Rockhill Insurance Company v. Southeastern Cheese Corporation et al
Order granting 57 MOTION to Amend Answer filed by J. Henry Sims, Matthew Sims, William M. Belcher, Alex Jones, Jr. Defendants shall file their amended answer on or before 4/29/2019. Signed by Chief Judge Kristi K. DuBose on 04/22/2019. (nah)
IN THE UNITED STATES DISTRICT COURT
FOR THE SOUTHERN DISTRICT OF ALABAMA
ROCKHILL INSURANCE COMPANY,
CORPORATION, et al.,
CIVIL ACTION NO. 2:18-cv-0268-KD-B
This action is before the Court on the Motion for Leave to File Amended Answer filed by
Alex Jones, William Belcher, J. Henry Sims and Matthew Sims (doc. 57) and the response filed
by Plaintiff Rockhill Insurance Company (doc. 60). Upon consideration, and for the reasons set
forth herein, the Motion is GRANTED. Defendants shall file their amended answer on or before
April 29, 2019.
As grounds for amendment, Defendants state that after their answers were filed, they
received additional discovery that contains facts and information that in part, further informs
their denials and defenses. They seek leave to amend to add further specificity to the denials in
their answer and to attach documentary evidence in support of their denials and defenses.
Plaintiff responds that the amended answers do not change the material facts relevant to
its motion for judgment on the pleadings. Therefore, Plaintiff has no objection so long as
granting the motion does not reopen the pleadings.
Rule 15(a) of the Federal Rules of Civil Procedure governs amendments to pleadings. At
this stage in the litigation, Rule 15(a)(2) applies and instructs the district court that it “should
freely give leave” to amend a pleading “when justice so requires.” Fed. R. Civ. P. 15(a)(2).
Therefore, “unless a substantial reason exists to deny leave to amend, the discretion of the
district court is not broad enough to permit denial[.]” City of Miami v. Bank of America Corp.,
800 F.3d 1262, 1286 (11th Cir. 2015) (citation omitted); Laurie v. Ala. Ct. of Crim. App., 256
F.3d 1266, 1274 (11th Cir. 2001) (explaining that overall “there must be a substantial reason to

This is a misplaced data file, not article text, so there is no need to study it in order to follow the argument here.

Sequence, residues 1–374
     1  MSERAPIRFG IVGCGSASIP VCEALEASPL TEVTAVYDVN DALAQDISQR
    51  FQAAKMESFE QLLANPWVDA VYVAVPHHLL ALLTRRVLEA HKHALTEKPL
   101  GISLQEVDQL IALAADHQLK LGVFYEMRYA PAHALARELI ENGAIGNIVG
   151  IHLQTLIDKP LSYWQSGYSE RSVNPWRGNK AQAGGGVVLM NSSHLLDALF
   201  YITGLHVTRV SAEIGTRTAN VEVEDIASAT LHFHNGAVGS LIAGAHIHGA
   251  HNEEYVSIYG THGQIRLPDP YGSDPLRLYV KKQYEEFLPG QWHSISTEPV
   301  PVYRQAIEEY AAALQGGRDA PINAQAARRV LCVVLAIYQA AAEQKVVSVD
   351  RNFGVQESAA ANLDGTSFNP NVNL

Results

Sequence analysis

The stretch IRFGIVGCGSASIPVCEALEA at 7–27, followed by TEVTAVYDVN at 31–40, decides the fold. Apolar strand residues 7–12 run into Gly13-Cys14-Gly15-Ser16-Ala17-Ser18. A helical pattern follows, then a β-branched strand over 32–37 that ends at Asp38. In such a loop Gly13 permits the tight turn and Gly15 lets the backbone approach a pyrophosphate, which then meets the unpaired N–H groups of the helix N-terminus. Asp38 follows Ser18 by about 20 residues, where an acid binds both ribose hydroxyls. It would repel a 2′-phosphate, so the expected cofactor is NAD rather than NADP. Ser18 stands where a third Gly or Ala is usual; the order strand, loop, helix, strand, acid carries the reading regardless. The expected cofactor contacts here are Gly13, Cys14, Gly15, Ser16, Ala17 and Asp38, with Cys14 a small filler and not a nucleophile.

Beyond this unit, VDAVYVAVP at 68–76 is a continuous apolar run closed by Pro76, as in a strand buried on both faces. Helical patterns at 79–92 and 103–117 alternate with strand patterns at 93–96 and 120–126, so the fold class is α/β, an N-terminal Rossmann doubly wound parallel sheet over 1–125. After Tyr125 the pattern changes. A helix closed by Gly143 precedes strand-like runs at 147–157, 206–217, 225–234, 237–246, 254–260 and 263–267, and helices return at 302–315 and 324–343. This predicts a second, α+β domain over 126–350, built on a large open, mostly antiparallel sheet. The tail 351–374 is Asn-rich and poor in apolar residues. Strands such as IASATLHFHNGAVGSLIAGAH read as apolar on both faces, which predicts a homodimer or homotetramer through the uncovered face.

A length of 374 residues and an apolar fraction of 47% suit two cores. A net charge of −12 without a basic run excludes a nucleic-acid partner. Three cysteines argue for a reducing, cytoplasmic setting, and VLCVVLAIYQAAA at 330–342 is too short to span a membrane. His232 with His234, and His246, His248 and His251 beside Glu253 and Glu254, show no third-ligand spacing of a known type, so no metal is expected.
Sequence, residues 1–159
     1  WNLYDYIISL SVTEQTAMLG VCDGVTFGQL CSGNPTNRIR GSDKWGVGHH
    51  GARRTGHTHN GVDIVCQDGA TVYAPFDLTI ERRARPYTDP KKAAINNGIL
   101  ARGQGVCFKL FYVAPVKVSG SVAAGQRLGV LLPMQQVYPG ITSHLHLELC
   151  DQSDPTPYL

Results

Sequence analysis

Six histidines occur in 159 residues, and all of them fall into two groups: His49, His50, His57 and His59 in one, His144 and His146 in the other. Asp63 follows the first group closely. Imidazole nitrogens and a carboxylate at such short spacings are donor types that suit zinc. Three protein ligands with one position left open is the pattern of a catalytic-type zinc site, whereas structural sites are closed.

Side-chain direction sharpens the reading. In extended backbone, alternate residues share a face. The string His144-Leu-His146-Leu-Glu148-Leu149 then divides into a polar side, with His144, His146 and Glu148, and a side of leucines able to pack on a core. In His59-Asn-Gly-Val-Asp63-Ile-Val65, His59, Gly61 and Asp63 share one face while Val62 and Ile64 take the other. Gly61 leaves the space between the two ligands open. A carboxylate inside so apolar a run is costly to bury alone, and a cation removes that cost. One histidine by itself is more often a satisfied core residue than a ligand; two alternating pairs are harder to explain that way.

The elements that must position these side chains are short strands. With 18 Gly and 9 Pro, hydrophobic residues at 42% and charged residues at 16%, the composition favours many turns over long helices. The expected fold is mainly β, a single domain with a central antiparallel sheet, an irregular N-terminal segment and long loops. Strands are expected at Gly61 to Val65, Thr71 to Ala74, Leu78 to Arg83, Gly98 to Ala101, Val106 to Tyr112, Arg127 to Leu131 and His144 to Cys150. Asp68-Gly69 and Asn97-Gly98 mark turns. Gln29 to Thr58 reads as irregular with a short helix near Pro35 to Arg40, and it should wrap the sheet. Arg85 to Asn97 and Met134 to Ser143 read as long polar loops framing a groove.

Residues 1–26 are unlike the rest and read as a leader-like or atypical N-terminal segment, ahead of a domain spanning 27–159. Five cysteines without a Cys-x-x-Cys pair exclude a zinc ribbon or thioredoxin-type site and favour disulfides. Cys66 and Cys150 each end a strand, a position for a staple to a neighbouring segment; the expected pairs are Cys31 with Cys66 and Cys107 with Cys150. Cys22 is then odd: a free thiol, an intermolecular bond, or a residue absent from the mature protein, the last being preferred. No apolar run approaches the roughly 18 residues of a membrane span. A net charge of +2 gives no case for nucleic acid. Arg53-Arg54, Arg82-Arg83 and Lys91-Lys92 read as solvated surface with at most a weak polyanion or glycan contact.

deny a motion to amend.”). The district court “may consider several factors when deciding
whether to grant a motion to amend, including ‘undue delay, bad faith or dilatory motive [on the
part of the movant], repeated failure to cure deficiencies by amendments previously allowed,
undue prejudice to the opposing party by virtue of allowance of the amendment, [and] futility of
amendment.” Perez v. Wells Fargo N.A., 774 F.3d 1329, 1340–1341 (11th Cir. 2014) (citing
Equity Lifestyle Props., Inc. v. Fla. Mowing & Landscape Serv., Inc., 556 F.3d 1232, 1241 (11th
Cir.2009) (quoting Foman v. Davis, 371 U.S. 178, 182, 83 S. Ct. 227, 230 (1962)); Donley v.
City of Morrow, Georgia, 601 Fed. Appx. 805, 810 (11th Cir. 2015) (same).
Upon consideration of the factors, the Court finds that the interest of justice requires
granting the Motion. There is no undue delay because the motion was filed within the time limit
set by the Rule 16(b) Scheduling Order and soon after the receipt of discovery, which prompted
the motion. Review of the docket indicates that Defendants have not engaged in bad faith or
dilatory motive, nor have they repeatedly failed to cure deficiencies in prior pleadings. The
deadline for discovery is July 8, 2019. Therefore, Plaintiff has sufficient time to conduct
discovery with regard to the amended answers and would not be unduly prejudiced by the
amended answers. Plaintiff has not raised any argument with respect to futility of allowing the
DONE and ORDERED this 22nd day of April 2019.
s / Kristi K DuBose
KRISTI K. DuBOSE
CHIEF UNITED STATES DISTRICT JUDGE
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